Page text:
Boris Johnson and the burka have, mysteriously – or perhaps not so mysteriously – dominated the news for ten days since his throwaway line in a newspaper article that wearers of that garment look like letter boxes.
“Foul play!” is the cry that echoed through the metaphorical corridors of Westminster, especially – and curiously – in those parts occupied by members of the Conservative Party, hardly a traditional bastion of liberal thought. “Throw the man out,” many of them cried – some calling, inexplicably, for a ‘full investigation’.
On what grounds should he be expelled? For insulting a religion, apparently, even though Boris wrote in the same article that, in the interest of freedom of expression, the burka should not be banned, as it has been in some other, ostensibly liberal, European countries.
Rarely has such arrant nonsense emanated from a major political party known for regularly spouting arrant nonsense in matters relating to freedom of the individual. Since when is a man to be excoriated, let alone punished, for expressing the view that some religious practises can be held to be absurd, and that requiring a woman covering herself from head to toe in black cloth, leaving only a slit to see through, might be one of them. And worse, an oppressive symbol of a religion that espouses the relegation of half the human race to servility – among other inhumane beliefs retained from the pre-Enlightenment age.
And what could possibly be the purpose of an investigation? Not to confirm that he wrote the offending words, for to state the blindingly obvious, they are there for all to see in newsprint. To what other end, then? To demonstrate, I suppose, that the dear old Tories, with their spiritual roots in imperialism, and a religion founded by a man who disposed of six wives by means contradictory to church teaching, is still the staunch upholder of traditional English and Christian – that is to say, Anglican – values.
Or could it be, rather, to teach mouthy Boris a lesson and in doing so spike his ambitions to take over the leadership of the party? If so, the expellers are barking up the wrong tree, as usual, as polls reveal that well over fifty percent of English voters agree with Boris, or at least agree that he is entitled to state his views on the subject.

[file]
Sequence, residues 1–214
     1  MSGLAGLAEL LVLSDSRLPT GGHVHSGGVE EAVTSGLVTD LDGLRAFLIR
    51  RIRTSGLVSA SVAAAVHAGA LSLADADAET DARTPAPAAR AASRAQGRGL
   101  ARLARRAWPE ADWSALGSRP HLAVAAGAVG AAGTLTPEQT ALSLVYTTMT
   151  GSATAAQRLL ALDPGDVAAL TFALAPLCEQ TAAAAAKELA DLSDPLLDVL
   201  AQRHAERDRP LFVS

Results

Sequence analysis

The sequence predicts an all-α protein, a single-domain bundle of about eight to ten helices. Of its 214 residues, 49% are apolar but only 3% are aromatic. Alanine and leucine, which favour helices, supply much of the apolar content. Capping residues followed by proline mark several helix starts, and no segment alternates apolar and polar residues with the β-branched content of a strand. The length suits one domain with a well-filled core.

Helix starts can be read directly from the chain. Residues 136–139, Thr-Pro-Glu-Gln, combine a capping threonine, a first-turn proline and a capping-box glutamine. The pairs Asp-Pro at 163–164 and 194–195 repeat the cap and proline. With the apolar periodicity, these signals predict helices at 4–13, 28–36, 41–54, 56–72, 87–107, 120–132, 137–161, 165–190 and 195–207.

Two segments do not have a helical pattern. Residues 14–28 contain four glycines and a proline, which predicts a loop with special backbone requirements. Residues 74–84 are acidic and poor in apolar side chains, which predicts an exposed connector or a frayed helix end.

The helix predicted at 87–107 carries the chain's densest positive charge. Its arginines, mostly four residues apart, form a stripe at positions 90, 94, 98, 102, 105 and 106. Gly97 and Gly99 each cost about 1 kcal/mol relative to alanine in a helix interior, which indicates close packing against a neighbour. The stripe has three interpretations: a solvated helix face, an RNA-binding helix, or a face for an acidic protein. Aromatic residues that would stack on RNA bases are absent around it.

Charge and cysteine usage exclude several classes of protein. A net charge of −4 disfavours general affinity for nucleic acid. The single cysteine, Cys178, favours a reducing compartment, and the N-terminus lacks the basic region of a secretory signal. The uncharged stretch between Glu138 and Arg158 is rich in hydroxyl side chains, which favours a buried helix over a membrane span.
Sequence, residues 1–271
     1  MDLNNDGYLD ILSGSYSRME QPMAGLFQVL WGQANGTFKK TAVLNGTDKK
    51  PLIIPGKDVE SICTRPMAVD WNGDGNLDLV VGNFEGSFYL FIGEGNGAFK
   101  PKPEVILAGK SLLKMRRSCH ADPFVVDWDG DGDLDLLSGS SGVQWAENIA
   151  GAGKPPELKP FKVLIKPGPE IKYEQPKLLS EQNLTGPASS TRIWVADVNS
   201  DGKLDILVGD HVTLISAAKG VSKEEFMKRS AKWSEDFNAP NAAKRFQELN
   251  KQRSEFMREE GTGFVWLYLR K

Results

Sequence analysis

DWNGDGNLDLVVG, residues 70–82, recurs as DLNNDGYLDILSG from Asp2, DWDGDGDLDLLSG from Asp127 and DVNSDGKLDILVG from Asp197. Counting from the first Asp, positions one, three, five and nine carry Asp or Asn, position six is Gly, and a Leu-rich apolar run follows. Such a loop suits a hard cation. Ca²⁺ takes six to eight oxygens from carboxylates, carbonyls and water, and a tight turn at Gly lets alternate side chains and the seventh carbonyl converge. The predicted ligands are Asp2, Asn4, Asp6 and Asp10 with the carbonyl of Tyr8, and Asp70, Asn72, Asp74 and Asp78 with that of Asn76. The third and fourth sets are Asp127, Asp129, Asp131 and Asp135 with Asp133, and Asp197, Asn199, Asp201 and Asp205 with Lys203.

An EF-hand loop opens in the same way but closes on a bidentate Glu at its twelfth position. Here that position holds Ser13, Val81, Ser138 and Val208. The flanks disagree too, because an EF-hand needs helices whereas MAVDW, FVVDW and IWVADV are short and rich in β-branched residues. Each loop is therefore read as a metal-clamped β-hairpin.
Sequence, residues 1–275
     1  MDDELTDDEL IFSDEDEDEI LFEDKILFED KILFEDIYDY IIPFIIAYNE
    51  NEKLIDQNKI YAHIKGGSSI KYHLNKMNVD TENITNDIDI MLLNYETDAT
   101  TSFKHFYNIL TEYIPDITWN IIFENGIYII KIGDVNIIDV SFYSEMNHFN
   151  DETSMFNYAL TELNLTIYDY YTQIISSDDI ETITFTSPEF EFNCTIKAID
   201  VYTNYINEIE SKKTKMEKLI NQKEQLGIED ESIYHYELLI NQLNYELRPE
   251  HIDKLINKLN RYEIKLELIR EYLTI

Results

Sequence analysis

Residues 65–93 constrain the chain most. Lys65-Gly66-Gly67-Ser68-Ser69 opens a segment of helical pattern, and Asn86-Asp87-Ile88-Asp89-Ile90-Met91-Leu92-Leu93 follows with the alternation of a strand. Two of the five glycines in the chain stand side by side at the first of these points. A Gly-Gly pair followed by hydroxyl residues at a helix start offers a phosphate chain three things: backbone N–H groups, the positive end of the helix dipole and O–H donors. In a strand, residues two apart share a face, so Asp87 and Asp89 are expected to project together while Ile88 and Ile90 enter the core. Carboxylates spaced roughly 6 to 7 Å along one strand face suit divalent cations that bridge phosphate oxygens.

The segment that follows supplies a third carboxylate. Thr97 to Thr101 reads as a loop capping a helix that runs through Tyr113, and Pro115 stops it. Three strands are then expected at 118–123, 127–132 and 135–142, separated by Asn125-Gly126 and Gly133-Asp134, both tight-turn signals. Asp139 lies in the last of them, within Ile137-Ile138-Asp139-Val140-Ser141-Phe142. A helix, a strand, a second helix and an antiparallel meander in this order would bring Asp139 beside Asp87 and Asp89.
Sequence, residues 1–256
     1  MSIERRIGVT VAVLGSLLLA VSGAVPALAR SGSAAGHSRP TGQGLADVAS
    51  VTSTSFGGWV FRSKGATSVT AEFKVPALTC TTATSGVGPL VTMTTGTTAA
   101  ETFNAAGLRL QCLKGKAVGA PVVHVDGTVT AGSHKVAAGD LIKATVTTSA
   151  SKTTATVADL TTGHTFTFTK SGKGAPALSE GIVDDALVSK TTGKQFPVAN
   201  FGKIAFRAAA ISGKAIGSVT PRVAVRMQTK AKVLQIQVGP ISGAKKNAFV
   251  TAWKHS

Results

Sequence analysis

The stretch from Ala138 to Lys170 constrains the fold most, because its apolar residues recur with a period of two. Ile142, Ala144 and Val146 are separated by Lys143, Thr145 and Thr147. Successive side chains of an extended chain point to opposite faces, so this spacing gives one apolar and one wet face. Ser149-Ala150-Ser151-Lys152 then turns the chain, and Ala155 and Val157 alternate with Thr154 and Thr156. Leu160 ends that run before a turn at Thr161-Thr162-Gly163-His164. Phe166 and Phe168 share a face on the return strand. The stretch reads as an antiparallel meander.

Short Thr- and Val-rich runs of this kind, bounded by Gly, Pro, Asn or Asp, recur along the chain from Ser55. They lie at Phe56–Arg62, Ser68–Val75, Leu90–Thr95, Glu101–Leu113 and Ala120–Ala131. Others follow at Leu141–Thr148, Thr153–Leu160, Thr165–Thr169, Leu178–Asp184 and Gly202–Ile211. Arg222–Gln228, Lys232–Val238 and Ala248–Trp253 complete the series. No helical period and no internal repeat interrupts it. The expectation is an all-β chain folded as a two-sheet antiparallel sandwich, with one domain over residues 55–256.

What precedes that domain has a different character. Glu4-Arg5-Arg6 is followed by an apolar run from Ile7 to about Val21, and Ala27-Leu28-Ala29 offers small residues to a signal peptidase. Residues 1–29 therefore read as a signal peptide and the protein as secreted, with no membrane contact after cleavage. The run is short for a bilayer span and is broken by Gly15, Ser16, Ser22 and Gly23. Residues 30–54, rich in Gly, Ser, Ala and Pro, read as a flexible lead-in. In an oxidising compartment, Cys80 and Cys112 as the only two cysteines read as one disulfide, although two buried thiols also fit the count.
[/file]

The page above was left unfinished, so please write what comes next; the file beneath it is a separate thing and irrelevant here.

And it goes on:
As much as it pains me to write the words, I agree with Boris on both counts: the burka is both ridiculous and offensive, but should not, in the cause of freedom, be banned. Any more than the nun’s wimple should be banned.
I would have gone further than Boris, though. Islam itself, which denies women their fundamental rights and sanctions their oppression to ensure that its dogma is obeyed, can and should be ridiculed for doing so. It can be ridiculed for various other reasons, too, as should all religions which, like Islam, sell fairy tales as proven facts to impressionable souls, most of them illiterate and superstitious peasants susceptible to brainwashing. Especially as such stories are usually accompanied by outrageous threats, including death, in order to make sure that such stories are believed, or at least are not disbelieved publicly.
The Roman Catholic Church was for centuries guilty of such cruel practices. Countless thousands, for all I know millions, were burnt at the stake for the sin of heresy. The Church has since disavowed such excesses, but let us not forget that apostasy is still considered a capital crime in the more extreme manifestations of Islam – and in many countries Islam needs little excuse to so manifest itself.
I am all for freedom of religion, but only if the world’s religions are prepared to acknowledge that the rule of law, not ancient superstition, is the supreme arbiter of what defines wrong from right. Such a concession has been given, often reluctantly, by the leaders of most religious movements. Islam has yet to concede it, though, and still dispenses fear to uphold its authority, which it calls the law of Sharia.
Islam is utter nonsense and in some parts of the world constitutes the tyrannical plague on humanity that was once accredited to the Catholic Church.
The burka, I repeat, should not be banned, and freedom of religion must be upheld at all costs. But Islam needs to be encouraged to observe the conventions of the twenty-first century, by any means short of foul, including ridicule.